Third, our model is trained primarily to diagnose only four types of small vessel diseases. Therefore, our results cannot be generalized to compare the reliability of a DLS relative to the overall proficiency of a practicing doctor. Moreover, we do not deny the fact that our model is unable to propose a treatment, unlike a human doctor. Our study can be extended to train models capable of predicting a wide variety of medical anomalies. Besides, artificial intelligence is now progressing toward treatment planning and may be able to recommend solutions to their diagnosis in the future.

We reiterate that the purpose of this study is not to assert that DLS is more reliable than doctors. Instead, it is to propose that an adequately trained deep learning model can supplement the diagnosis of an attending doctor, and that one may heed its advice in the same way as one would respond to the words of a trained doctor.

Conclusion and Contributions

This study is a preliminary study focusing on lesion segmentation and identification. Previous studies showed the individual feature of CSVD is associated with incident ischemic and hemorrhagic stroke, dementia, and depression. Combinations of two features were more strongly associated with stroke than any specific feature (Pantoni, 2010; Go et al., 2012). So our model covered different types of lesions. According to the current results, the model can obtain lesion recognition at the level of attending physicians, which can significantly reduce the repetitive labor of physicians. For the further clinical application, with the help of this system, it may help clinical doctor fast categorizing and masking cerebral small vessel disease less time consuming, laborious, and subjective. Based on our DLS model, not only the location of the disease can be determined by the segmentation mask, but also the volume of lesions, which is critical in dosage prescription or clinical decision support systems (Belard et al., 2017).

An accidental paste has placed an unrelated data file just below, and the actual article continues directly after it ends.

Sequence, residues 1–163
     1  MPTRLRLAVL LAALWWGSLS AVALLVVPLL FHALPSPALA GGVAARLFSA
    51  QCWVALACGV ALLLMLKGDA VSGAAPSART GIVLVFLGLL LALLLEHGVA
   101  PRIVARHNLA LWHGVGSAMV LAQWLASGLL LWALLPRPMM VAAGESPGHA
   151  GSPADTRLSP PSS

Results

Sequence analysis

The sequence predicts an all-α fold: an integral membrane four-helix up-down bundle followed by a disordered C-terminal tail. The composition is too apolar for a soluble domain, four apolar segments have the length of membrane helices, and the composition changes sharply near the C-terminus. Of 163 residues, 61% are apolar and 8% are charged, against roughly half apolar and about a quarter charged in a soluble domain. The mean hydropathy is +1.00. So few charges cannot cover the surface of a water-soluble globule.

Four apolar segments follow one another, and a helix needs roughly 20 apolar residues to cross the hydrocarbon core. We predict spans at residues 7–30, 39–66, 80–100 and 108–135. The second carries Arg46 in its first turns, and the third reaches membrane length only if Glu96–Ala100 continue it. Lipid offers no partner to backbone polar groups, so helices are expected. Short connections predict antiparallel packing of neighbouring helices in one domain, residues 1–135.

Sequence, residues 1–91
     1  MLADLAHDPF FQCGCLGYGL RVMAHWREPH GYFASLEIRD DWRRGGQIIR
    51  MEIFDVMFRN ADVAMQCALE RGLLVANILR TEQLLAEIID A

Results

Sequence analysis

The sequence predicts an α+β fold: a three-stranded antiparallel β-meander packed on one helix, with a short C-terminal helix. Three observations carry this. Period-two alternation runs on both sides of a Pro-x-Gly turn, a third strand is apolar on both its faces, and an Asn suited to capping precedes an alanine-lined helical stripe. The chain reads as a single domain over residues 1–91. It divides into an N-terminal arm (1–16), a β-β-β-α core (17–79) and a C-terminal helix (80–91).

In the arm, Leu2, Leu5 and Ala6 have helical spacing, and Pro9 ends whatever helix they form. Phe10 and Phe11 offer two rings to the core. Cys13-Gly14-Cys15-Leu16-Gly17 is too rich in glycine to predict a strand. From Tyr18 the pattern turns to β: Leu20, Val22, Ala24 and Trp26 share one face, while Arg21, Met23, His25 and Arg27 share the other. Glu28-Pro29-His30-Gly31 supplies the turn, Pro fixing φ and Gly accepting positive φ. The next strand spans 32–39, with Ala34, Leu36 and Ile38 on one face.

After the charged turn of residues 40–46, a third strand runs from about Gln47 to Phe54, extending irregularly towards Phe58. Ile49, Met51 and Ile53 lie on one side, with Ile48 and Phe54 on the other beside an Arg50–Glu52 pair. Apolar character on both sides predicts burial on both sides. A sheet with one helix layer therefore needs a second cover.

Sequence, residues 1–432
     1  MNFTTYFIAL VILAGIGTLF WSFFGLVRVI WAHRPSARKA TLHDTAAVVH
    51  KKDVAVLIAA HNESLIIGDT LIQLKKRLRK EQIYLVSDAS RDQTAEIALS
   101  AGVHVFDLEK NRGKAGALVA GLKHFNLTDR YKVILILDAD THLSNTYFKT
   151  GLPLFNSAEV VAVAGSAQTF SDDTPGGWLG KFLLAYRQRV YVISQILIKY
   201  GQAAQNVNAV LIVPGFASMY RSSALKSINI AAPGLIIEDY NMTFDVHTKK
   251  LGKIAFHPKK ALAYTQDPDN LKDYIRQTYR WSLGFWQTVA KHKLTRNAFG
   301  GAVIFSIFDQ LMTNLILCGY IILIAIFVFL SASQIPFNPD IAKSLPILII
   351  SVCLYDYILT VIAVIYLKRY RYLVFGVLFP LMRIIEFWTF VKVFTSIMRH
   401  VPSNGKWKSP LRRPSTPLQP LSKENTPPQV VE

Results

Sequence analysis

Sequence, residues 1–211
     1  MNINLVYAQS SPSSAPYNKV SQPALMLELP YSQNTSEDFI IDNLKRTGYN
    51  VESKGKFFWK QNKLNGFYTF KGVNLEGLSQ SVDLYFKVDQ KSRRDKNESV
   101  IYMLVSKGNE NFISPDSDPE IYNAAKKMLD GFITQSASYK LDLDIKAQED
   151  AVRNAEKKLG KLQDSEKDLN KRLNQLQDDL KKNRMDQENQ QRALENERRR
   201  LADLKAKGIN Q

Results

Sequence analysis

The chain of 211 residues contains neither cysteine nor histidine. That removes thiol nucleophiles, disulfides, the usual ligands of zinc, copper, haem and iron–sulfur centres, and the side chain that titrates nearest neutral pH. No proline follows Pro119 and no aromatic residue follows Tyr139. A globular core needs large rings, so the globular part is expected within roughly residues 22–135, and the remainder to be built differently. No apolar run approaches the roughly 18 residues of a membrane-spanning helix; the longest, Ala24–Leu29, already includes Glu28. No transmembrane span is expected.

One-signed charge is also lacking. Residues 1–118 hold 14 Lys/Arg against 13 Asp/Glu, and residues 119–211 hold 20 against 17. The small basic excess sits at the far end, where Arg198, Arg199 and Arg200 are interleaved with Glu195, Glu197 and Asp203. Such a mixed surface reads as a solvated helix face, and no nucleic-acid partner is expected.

Data Availability Statement

The raw data supporting the conclusions of this article will be made available by the authors, without undue reservation, to any qualified researcher.